Milen Dyankov

Software Engineer, Consultant and Trainer

Custom global markup portlet

April 05, 2010 | 3 Minute Read

What would you do if a customer demands to "integrate" his Liferay based corporate portal with Google Analytics, Geminus, ClickTale, Crazy Egg,  and whole bunch of other analytics tools available out there?

As you probably know, such services typically provide some piece of javascript (code or file) which needs to be added to every page of monitored web site. Each service also provides unique customer code/key (which is either already part of the javascript provided or needs to be placed in specific place). Regardless of whether using all of them at the same time is a smart thing to do, there are a few technical problems to solve:

  • How to add custom code to every portal page
  • How to deal with unique codes/keys through development, testing, staging, production phases
  • How to minimize the impact of changing/removing custom code in production environment

There are few ways to solve the first case

Make the code part of the theme.

This is easy to do but it has some drawbacks. First of all, depending on how theme is applied, the code may end up on every page in every community or only in few rarely visited pages. Also if your portal uses a number of themes than you need to either make a common theme and make the rest extend it, or you need to add it to each theme. This approach may be a serious maintenance challenge.

You may solve the problem with unique codes/keys by using portal properties but you'll not be able to easily modify or remove the java script code if you have disabled (and you should) hot deployment on production servers. 

Create custom portlet and add it to every page.

Samuel Kong's excellent post  explains how to add javascript to every page. However be aware that if you blindly follow the example you'll add the code to EVERY page (not every page in given community). Following this approach you'll have to choose between two options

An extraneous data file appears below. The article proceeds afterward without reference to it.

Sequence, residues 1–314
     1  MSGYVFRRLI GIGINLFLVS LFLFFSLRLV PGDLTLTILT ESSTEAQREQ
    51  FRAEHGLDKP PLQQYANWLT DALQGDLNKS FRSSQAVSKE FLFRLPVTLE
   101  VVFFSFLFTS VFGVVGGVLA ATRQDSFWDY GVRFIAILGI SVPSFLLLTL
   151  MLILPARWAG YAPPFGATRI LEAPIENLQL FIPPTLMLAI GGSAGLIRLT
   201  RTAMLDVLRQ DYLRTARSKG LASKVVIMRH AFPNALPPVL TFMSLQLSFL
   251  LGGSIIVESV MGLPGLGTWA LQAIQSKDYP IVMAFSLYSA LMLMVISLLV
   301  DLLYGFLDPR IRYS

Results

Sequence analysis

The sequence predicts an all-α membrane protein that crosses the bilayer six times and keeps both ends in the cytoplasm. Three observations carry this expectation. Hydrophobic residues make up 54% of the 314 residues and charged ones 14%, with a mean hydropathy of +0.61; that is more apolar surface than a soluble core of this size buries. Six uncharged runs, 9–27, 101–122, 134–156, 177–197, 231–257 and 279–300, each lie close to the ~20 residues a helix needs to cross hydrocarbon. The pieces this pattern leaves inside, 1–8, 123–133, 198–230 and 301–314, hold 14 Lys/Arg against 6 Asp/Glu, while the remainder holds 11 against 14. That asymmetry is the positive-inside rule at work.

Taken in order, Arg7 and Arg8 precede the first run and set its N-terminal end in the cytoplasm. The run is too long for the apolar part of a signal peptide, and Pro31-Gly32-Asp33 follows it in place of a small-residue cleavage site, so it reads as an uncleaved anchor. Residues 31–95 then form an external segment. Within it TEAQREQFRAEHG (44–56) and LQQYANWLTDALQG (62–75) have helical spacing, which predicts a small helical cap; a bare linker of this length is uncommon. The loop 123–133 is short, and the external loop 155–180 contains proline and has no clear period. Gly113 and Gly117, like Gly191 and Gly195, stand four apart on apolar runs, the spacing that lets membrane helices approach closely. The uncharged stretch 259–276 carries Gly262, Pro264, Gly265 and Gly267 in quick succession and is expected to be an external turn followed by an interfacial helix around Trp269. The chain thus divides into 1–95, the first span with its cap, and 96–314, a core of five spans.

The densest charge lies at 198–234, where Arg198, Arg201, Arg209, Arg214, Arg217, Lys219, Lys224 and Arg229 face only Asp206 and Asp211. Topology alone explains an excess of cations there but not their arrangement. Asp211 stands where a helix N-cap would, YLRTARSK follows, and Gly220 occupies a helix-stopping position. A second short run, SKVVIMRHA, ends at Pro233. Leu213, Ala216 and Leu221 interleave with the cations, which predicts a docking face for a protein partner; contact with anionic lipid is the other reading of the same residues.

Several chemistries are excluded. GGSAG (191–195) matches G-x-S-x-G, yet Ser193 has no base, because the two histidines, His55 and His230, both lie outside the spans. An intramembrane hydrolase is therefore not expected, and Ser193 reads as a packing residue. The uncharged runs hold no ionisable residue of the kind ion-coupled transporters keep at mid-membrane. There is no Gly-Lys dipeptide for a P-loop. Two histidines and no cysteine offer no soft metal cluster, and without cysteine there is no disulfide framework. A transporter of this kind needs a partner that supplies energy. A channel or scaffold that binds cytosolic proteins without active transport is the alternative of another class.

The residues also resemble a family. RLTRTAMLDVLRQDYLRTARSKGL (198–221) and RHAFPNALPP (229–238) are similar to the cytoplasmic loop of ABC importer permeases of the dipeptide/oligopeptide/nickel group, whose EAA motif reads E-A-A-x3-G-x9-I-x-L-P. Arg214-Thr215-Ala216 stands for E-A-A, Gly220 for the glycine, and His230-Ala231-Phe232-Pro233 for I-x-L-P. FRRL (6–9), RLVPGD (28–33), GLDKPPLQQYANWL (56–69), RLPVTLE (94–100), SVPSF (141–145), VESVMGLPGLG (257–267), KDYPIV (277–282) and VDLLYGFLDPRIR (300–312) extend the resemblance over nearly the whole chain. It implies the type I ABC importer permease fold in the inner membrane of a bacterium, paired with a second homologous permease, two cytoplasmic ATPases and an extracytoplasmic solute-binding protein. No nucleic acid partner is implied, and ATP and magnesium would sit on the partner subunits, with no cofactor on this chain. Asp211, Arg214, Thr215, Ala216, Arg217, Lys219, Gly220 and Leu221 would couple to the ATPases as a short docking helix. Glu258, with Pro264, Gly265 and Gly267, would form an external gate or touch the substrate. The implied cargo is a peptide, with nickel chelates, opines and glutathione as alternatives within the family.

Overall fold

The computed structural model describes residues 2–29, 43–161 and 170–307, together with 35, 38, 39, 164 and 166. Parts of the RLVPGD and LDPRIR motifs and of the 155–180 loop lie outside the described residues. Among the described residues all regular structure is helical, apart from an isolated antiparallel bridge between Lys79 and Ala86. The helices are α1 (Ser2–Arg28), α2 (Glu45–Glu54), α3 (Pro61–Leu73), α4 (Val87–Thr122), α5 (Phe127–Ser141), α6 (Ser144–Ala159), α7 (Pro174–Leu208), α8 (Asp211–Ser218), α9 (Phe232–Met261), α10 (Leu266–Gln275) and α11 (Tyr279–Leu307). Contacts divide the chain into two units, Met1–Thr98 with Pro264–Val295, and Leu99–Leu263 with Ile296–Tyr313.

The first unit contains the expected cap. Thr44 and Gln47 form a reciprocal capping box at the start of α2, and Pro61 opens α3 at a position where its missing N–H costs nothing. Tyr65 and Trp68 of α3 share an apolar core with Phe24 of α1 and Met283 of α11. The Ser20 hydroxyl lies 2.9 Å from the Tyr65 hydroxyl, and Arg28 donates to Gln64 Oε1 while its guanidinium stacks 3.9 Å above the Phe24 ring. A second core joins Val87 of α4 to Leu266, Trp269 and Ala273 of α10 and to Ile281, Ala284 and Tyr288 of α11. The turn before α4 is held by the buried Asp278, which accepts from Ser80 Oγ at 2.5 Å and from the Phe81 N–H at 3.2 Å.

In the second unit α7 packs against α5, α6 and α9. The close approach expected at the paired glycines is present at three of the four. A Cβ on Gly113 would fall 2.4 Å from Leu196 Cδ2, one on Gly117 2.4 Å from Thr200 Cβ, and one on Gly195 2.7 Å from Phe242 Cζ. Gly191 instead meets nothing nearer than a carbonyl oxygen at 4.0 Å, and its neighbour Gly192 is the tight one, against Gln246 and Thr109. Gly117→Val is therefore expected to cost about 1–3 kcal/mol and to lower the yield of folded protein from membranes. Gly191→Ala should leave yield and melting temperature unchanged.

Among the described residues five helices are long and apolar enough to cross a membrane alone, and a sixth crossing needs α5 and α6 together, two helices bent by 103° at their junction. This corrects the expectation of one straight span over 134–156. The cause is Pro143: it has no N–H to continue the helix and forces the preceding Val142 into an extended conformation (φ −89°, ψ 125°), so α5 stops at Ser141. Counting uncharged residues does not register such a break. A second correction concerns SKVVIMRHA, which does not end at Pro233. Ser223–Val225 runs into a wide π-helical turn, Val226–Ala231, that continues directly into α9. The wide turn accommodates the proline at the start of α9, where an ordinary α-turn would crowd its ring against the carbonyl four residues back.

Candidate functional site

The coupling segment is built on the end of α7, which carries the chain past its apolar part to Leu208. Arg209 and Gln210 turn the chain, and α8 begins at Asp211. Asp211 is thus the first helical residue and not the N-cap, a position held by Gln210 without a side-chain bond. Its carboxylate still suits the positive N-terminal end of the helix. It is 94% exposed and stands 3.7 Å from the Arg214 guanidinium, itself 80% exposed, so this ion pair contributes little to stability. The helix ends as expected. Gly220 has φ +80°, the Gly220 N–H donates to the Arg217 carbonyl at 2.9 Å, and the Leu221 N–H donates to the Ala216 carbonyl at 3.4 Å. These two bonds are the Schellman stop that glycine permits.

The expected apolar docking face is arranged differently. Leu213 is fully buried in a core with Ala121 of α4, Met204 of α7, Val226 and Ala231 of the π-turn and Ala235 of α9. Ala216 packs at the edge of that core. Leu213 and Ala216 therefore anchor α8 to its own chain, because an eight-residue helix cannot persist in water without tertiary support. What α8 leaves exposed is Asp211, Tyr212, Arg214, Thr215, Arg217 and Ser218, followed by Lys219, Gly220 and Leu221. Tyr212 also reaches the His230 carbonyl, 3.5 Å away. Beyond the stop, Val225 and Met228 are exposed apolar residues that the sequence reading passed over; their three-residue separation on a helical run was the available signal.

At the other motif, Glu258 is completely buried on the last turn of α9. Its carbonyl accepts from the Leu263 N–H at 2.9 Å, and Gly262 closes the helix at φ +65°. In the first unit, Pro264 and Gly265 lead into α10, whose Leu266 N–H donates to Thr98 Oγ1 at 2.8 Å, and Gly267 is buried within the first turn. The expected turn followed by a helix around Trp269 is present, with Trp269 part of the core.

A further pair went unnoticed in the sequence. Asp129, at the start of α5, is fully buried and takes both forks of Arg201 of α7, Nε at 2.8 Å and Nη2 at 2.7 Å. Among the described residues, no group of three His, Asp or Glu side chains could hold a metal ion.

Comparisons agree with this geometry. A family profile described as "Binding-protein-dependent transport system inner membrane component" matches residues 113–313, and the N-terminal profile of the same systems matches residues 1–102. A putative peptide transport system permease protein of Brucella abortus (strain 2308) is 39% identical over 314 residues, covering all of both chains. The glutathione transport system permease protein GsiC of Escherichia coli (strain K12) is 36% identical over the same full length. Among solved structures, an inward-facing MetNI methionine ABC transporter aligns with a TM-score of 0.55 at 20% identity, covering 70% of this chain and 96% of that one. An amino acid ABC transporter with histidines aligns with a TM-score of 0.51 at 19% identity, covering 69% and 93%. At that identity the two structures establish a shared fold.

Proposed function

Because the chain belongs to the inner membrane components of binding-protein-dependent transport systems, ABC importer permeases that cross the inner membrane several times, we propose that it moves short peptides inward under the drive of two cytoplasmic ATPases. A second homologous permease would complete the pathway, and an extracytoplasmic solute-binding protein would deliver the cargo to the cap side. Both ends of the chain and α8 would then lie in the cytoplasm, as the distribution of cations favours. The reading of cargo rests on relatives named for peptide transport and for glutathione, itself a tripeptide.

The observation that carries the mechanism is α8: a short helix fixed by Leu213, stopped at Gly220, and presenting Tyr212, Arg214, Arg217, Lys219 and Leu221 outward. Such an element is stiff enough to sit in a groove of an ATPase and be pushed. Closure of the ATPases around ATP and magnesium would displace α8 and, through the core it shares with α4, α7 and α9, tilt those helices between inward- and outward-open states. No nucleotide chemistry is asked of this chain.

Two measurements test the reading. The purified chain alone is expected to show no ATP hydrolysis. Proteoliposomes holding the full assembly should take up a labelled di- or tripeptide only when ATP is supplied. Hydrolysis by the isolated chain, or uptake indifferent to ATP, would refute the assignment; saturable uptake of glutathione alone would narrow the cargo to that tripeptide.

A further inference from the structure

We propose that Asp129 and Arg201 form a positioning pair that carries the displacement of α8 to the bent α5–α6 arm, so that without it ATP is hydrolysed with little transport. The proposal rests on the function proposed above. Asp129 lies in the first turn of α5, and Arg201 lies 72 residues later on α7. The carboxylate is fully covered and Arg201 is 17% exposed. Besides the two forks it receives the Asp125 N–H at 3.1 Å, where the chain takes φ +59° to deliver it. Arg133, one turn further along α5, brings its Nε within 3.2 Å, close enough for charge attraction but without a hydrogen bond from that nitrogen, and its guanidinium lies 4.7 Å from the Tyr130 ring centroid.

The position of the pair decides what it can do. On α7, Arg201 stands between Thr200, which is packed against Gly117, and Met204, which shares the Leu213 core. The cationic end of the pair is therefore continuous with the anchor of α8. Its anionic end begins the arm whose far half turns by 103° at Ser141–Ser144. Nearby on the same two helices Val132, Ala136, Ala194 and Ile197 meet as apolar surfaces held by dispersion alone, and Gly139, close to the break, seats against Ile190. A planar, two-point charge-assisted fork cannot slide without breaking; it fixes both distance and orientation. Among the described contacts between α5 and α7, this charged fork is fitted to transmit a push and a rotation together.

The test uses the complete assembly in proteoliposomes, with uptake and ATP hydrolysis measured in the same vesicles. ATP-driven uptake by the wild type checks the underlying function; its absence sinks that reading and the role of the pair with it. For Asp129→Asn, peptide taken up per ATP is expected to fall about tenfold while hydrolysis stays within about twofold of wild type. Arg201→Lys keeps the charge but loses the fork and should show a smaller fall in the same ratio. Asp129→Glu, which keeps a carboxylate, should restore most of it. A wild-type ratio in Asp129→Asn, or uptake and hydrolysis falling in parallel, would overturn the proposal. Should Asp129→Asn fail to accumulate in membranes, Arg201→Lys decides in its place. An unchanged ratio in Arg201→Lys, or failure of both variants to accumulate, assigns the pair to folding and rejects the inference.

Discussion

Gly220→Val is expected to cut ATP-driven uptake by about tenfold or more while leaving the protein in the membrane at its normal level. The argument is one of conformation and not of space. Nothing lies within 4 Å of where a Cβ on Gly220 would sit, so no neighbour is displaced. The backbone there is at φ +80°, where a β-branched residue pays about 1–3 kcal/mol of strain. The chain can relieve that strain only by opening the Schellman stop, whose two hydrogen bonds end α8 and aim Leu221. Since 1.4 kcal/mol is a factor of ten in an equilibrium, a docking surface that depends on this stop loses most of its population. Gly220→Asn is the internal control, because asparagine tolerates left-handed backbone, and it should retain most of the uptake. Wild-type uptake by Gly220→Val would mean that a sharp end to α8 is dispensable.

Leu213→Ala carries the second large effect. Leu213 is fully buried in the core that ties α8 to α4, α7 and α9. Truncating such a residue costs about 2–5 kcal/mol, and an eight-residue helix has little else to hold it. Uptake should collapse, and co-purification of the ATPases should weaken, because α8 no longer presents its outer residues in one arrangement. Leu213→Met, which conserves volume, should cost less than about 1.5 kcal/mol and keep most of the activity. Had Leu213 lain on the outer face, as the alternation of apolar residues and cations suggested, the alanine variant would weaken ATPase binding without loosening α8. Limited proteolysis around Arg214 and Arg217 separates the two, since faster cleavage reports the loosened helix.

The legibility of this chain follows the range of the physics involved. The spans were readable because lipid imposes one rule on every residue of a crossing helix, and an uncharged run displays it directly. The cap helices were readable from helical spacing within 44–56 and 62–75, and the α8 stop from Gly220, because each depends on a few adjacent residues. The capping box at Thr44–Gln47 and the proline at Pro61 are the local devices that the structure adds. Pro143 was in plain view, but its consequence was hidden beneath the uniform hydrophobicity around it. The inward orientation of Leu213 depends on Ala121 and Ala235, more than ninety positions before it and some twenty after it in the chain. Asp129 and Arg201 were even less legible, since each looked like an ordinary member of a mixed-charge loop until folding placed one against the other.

• one portlet having all javascript codes
  • separate portlet per javascript code (or group of codes)

The first one is only acceptable if all javascript codes can ALWAYS be placed together and it kind of violates the "design by responsibility" concept. The second approach on the other hand deploys a lot of boilerplate code which in some cases may have  impact on performance.
Unique codes/keys may be provided in portlet preferences but still it's not very convenient when portlets are automatically added via layout.static.portlets.all property. Also, as you have probably guessed, this approach does not solve the problem with modifying/removing javascript code in production environment.

Use custom-global-markup-portlet

custom-global-markup-portlet was written to solve all of the problems described above. The portlet is based on Samuel Kong's example, but it also provides convenient management interface in Liferay's control panel:

Custom Global Markup Portlet Configuration


As you can see from the above screenshot portal administrator can easly add/modify/delete any markup (javascript, CSS, HTML, ...). Here is how the portal look like after you save the above markups:

Portal changed via Custom Global Markup Portlet

As you may have already noticed there are a few important features. First of all the markup can be divided into multiple entries and each entry can be enabled/disabled and placed on top (in <head> section) or bottom (before </html>) of the page. All entries are persisted into database which eliminates potential problems with maintaining different portlet preferences in different environments (development, staging, production). Also note that custom-global-markup-portlet is community scoped, which allows adding markup to pages of specific community. 
You can download the latest version of custom-global-markup-portlet here: It is part of Commsen Lifery plugins which is free and open source project hosted at GitHub and released under LGPL license. It is developed with liferay-maven-sdk and uses Git SCM